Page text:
We found that the risk of a severe outcome was not greater among Aboriginal patients than among non-Aboriginal patients. However, high population-based rates of hospital admission because of pandemic (H1N1) influenza have been reported among Canadian Aboriginal people, a pattern similar to that seen in New Zealand, where Maori and Pacific peoples had higher rates of hospital admission (43.0 and 94.2 per 100 000 respectively) than those of European descent (14.1 per 100 000).16
Similarly, indigenous Australians were 10 times as likely to be admitted to hospital as nonindigenous Australians.24
Demographic and clinical factors such as younger age distribution and higher prevalence of underlying conditions in Aboriginal communities may be at play; however, additional contributing factors, including the role of socio-economic and geographic factors, and possibly genetic susceptibility, need to be explored.25
Over the study period, 78 pregnant women were admitted to hospital with pandemic (H1N1) influenza. Typically, 300 pregnant women in Canada are admitted to hospital because of influenza each year, which corresponds to the rate observed among men and women 65–69 years of age.26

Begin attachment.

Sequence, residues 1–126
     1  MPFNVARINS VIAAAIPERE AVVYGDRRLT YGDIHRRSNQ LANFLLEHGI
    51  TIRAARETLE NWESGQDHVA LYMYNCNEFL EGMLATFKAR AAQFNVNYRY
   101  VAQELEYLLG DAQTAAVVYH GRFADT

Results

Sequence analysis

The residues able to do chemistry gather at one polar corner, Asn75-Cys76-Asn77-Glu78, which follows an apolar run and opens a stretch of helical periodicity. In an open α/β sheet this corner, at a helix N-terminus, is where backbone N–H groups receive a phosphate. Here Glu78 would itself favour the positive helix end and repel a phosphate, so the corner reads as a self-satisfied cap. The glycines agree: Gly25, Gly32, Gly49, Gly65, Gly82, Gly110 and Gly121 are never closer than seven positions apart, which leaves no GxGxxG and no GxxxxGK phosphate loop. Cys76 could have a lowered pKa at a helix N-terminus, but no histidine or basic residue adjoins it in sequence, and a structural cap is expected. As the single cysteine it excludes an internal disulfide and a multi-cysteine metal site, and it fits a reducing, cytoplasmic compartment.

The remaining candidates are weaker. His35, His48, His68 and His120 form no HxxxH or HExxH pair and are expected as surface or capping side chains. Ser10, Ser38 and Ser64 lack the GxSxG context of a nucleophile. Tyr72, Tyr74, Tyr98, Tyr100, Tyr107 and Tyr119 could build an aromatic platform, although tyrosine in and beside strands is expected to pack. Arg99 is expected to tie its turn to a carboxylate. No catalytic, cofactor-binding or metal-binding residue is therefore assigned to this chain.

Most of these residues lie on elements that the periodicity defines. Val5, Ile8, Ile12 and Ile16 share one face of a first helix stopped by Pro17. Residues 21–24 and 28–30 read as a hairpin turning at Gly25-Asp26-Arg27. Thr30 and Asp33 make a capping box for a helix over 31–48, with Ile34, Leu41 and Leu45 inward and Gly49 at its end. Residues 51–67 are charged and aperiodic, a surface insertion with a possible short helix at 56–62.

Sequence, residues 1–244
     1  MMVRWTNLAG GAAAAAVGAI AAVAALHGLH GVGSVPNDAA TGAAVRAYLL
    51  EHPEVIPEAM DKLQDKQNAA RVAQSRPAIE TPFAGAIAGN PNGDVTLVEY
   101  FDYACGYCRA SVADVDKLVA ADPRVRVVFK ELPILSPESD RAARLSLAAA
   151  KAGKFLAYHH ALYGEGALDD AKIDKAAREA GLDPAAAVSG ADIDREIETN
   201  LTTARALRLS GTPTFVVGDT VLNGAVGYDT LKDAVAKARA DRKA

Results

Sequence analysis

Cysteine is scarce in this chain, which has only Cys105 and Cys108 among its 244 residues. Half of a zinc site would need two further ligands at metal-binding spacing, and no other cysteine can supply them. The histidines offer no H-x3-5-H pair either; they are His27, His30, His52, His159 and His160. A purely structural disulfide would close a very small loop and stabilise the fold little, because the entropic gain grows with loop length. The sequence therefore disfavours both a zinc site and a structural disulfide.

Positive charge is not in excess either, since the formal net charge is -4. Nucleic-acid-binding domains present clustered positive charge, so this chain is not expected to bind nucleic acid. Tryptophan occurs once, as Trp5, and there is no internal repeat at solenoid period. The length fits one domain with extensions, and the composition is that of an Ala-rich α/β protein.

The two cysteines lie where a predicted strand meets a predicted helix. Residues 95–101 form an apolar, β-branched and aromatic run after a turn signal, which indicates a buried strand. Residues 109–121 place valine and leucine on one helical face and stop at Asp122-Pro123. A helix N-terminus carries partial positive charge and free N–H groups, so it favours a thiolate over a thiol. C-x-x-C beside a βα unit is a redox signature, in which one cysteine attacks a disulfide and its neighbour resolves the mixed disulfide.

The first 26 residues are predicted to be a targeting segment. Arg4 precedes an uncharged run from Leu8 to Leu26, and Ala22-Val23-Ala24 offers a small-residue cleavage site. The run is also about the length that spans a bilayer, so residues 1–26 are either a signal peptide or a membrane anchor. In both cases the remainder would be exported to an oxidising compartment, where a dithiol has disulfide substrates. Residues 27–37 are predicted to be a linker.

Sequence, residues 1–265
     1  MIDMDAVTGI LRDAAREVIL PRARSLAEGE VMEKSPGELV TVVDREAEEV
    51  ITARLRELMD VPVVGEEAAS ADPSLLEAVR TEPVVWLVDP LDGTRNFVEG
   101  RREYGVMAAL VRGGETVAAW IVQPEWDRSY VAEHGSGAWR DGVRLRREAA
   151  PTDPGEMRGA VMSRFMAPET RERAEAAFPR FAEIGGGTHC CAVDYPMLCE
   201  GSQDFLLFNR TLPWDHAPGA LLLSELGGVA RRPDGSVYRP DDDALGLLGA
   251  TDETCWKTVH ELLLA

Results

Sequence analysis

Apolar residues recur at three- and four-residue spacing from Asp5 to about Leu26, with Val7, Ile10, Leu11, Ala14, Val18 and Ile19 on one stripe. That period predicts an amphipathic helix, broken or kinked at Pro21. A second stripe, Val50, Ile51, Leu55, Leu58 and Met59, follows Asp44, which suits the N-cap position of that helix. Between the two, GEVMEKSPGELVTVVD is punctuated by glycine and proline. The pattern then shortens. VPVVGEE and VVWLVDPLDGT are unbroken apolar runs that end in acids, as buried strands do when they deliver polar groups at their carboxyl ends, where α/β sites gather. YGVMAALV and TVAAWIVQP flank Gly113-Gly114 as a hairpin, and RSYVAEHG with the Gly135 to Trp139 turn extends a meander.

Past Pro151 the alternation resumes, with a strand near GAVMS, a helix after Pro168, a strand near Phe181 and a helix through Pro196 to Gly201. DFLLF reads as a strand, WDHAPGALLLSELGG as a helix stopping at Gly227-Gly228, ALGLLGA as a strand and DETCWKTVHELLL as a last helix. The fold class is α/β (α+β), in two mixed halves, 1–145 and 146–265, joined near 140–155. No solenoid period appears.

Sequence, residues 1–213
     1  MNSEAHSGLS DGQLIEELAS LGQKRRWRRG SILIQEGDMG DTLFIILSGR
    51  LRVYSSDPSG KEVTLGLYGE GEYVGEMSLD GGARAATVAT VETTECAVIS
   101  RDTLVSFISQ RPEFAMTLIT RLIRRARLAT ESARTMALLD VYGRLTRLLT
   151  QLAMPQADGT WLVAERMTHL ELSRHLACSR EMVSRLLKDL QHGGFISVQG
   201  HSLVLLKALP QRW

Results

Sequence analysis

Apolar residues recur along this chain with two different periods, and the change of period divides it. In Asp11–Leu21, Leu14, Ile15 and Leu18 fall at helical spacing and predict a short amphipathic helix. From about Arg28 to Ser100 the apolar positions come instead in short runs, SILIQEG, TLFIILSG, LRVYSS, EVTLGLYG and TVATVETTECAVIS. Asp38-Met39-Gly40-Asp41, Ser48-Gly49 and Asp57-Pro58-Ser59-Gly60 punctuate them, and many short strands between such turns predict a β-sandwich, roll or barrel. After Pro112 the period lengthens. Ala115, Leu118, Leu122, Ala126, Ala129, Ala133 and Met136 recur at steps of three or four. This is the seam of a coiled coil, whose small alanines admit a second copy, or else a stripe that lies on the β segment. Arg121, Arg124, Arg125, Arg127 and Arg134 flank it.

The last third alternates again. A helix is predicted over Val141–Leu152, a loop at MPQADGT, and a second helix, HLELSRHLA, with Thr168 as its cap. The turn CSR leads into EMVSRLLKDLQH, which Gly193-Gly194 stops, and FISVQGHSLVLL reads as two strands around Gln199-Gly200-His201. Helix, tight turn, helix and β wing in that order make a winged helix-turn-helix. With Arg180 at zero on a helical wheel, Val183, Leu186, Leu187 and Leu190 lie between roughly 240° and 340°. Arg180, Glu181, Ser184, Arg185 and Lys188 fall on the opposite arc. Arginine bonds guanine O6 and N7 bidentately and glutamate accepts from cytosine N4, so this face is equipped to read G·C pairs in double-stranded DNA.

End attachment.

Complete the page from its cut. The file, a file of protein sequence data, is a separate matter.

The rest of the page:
Clinicians may therefore expect the rate of hospital admission because of pandemic (H1N1) influenza to be higher among pregnant women than in the general population.
A delay of one day in the median time between the onset of symptoms and admission to hospital was associated with an increased risk of death. However, we did not have the information to determine whether this finding was related to a delay in treatment. A report from the United States showed that, in a multivariable model including age, vaccination status, time to hospital admission and time to antiviral treatment, the only factor associated with positive outcomes was the receipt of antiviral treatment within 48 hours after onset of symptoms.27
We did not include probable or suspect cases of pandemic (H1N1) influenza in our analysis. In addition, our inclusion of cases from two provinces that were missing information on underlying medical conditions may have underestimated the role of such conditions in causing severe outcomes. Finally, data on Aboriginal status was not reported by two provinces.
The population-based incidence of admission to hospital with laboratory-confirmed pandemic (H1N1) influenza was low in the first five months of the pandemic in Canada. The risk of a severe outcome was associated with the presence of one or more underlying medical conditions, age of 20 years or more and a delay in hospital admission. The ability to gather detailed, case-based information rapidly and in a relatively uniform manner across Canada reflects an important partnership between provincial, territorial and federal public health authorities. As the pandemic evolves, continued investigation of risk factors for severe outcomes is needed to provide timely evidence to inform the development and updating of clinical and public health guidelines.